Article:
In this next part of the leather knife sheath tutorial we will be prepping the sheath for glueing and stitching. It’s important to get these finer details right so you can avoid future problems when stitching this project together.
I use a special type of low to no VOC glue called Renia Aquilim 315. This stuff works well for holding your projects together and the biggest plus is it is apparently non-toxic so you don’t get those horrible headaches associated with other cements. Many other makers will swear by the older high-VOC glues…the truth is, you don’t need anything with superman strength here – the stitching does all the work in keeping the project together. The purpose of the glue is only to hold it in place while it is stitched. Meanwhile why use a toxic substance in the shop when trying to make something for fun? The only downside with this glue is that it tends to grab the needle when either hand stitching or sewing. Not a big issue with thinner projects, but when you are stacking multiple layers of thick leather together it can make quite a job out of stitching. I do have a solution for this later on in this tutorial though.
In this step above I am applying the glue with a spreader to the backing pieces of the sheath (only one side is required). An even layer is applied all the way out to the edge. I am not concerned too much if it goes over the edge, but make sure it does not get on the other side as it will block dyes and waxes. By getting the glue close to the edge you will have a much easier time creating a smooth slick edge when finishing this piece up. Let the glue dry to clear, then proceed to the next step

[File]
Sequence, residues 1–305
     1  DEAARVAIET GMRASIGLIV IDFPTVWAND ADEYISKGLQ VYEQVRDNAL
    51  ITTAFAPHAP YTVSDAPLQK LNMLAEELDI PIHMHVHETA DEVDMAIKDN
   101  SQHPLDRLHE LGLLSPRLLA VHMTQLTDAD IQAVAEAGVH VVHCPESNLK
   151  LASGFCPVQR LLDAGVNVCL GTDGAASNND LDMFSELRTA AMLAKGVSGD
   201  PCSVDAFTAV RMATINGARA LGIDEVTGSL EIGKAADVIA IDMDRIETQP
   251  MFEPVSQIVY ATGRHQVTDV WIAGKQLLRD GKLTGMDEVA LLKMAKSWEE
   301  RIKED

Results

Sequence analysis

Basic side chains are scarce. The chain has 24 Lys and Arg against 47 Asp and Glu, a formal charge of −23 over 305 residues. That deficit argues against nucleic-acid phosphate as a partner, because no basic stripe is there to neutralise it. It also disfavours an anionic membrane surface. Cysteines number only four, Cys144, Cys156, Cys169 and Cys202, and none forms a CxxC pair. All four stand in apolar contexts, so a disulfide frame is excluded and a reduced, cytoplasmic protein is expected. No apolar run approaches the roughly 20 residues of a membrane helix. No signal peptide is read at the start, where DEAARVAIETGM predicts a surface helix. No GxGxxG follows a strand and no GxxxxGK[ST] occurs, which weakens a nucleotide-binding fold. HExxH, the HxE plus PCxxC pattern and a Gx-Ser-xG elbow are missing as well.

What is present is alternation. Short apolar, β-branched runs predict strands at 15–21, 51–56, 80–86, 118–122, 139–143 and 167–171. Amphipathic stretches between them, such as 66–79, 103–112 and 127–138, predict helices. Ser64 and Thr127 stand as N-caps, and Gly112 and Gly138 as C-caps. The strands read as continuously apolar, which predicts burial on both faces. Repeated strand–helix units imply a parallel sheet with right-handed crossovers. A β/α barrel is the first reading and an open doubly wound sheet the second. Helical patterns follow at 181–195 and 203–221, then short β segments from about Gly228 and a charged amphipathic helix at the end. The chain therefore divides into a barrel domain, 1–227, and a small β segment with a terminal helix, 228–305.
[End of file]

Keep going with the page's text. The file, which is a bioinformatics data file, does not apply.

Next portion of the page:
Align both pieces and press together. Then I use a smooth faced hammer to pound down the leather and help the glue stick. Do this to the entire edge to get a good even bond.
Next we need to prep the front to place the first piece of the blade protector. Using a rough grit sandpaper, rough up the bottom of the front of the sheath backing up to the holes we marked with the awl.
Grab one piece of the blade protector and lightly dampen the smooth side edge.
I use a number 2 edge beveler for this next step.
Bevel the edge of just the smooth side top of this piece where it is damp. We are doing this now because we will not be able to get to this spot later on.
Next dampen the top edge of the piece on the actual edge.
I use a small cocobolo hand burnisher to rub back and forth on the edge to burnish it. This gets it smooth and slick.
I apply an even coat of the glue to the backing piece where I just sanded. Here you can see the glue dries quickly to a clear color.
Using the smooth faced hammer I pound the bond. Don’t use this hammer for anything else by the way. You do not want nicks or scratches in it.
Heading over to the power sander I clean up the edge to be flush. You can also hand sand it too.
A nice clean flush edge that will be used to align the next few pieces.
Grab the stitch line marking tool and set it to 3/16 inch. I use this tool to mark the stitch line on thinner leather. Usually on thicker leather I will instead use a stitching groover, but I do not like to remove material on anything less than 7oz leather.